My experience with the gravity wasn't great because the fan wasn't working so we had a jury-rigged fan on it and holding temp was tough.  Also, seemed to have some of the same characteristics of a pellet grill in the heat differential....hottest near the fire.

    Much of that was probably user error.

    ______________________________________________
    Just a regular guy that likes to do regular things.
  • RRPRRP Posts: 24,316
    DUMB DUMB question here - OK??? EVEN without this horrible flooding and all the latent moisture then how do you keep all your expensive power tools from rusting? much less locking up the internal hidden components with rust even in GOOD times down there in humid NO???
    Re-gasketing America one yard at a time.
  • McStewMcStew Posts: 965
    Crazy to think I enjoyed a home cooked meal, talking with you about the boat, the pump and seeing the neighborhood just weeks before all of this.  Sad to see what Mother Nature can do in just a blink of an eye at the same time glad you and the family are all ok!  
    Hermosa Beach CA 
  • "A generation of the unteachable is hanging upon us like a necklace of corpses." - George Orwell 

    "I've made a note never to piss you two off." - Stike

    Ruining the forum, one post at a time.  

    Living large in the 919
  • nolaeggheadnolaegghead Posts: 39,268

    ______________________________________________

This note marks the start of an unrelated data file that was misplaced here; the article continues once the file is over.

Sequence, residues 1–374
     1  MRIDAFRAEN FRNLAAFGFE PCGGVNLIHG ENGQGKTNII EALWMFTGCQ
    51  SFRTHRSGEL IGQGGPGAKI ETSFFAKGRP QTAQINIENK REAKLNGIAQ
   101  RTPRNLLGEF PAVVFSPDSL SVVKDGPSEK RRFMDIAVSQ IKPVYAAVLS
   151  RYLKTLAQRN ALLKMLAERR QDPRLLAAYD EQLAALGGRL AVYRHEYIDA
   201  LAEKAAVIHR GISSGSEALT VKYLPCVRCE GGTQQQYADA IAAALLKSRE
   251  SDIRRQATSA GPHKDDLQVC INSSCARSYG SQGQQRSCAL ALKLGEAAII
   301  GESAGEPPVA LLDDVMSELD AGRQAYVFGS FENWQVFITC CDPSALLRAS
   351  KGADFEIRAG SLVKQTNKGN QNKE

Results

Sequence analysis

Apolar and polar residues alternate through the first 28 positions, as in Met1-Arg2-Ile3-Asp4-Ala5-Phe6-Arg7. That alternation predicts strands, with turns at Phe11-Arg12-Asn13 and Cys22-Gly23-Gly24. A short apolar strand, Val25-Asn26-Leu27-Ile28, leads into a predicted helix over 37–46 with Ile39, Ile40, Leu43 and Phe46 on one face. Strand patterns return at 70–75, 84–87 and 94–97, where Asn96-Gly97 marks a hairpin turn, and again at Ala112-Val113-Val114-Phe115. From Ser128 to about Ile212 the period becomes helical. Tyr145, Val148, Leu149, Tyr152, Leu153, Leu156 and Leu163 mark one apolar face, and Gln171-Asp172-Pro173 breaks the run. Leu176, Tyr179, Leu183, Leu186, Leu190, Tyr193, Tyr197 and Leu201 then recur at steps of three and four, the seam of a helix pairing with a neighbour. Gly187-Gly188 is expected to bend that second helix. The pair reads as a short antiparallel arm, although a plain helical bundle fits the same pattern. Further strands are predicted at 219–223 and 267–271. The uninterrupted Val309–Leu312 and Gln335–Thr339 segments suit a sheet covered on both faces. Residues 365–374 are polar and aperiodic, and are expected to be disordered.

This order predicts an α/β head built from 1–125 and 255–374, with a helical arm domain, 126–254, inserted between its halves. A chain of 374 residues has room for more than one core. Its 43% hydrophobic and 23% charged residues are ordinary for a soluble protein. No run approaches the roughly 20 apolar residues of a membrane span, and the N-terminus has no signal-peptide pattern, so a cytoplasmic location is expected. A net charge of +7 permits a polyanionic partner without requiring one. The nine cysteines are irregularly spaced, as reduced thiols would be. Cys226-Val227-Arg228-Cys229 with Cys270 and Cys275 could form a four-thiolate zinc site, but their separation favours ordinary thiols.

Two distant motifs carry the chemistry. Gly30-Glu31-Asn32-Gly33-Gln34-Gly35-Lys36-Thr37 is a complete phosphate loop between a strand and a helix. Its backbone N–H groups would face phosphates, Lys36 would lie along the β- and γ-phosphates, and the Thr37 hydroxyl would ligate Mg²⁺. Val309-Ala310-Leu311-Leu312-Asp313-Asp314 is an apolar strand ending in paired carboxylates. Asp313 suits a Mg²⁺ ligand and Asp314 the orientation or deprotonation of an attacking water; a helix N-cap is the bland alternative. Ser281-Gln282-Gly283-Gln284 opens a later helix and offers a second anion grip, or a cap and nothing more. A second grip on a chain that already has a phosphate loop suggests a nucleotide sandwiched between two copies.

Just a regular guy that likes to do regular things.
  • nolaeggheadnolaegghead Posts: 39,268
    RRP said:
    DUMB DUMB question here - OK??? EVEN without this horrible flooding and all the latent moisture then how do you keep all your expensive power tools from rusting? much less locking up the internal hidden components with rust even in GOOD times down there in humid NO???
    Iron rusts easiest.  I protect cast iron work surfaces for wood working with johnson paste wax.  I'll use an oil for metal working surfaces.  My shop at home is climate controlled. 

    Anyway, most metals oxidize.  In most cases a little surface oxidation doesn't hurt the function.  Where it does I try to keep oil/wax on them or keep them in a lower humidity environment. 

    Temperature changes especially cool tools hitting warm moist air cause condensation which is what I try to avoid.  "morning dew" is a problem.

    Not worried about motors, they are sprayed with a varnish.

    I don't think I've ever picked up a tool and had it not work because of rust from humidity....my problem is when tools get wet from rain, hoses, flooding, etc.   The biggest problem with function is mechanical-electrical switches, contacts, plugs and mechanical metal-on-metal parts.  I keep acme screws lubed up with grease, for example.

    ______________________________________________
    Just a regular guy that likes to do regular things.
  • nolaeggheadnolaegghead Posts: 39,268
    I used the generator to run the sump pump at my shop today and removed a huge amount of water.   While I was there an electric utility crew stopped by and surveyed my transformers.  They said they are coming in the morning to remove the old pole and drop in a new pole.  Much faster than I anticipated.  I will still need to fix my service before the utility hooks up to it. I'm going to try to do as much myself as possible but looks like I may need to get an electrician to sign off on it and file the paperwork (money).
    ______________________________________________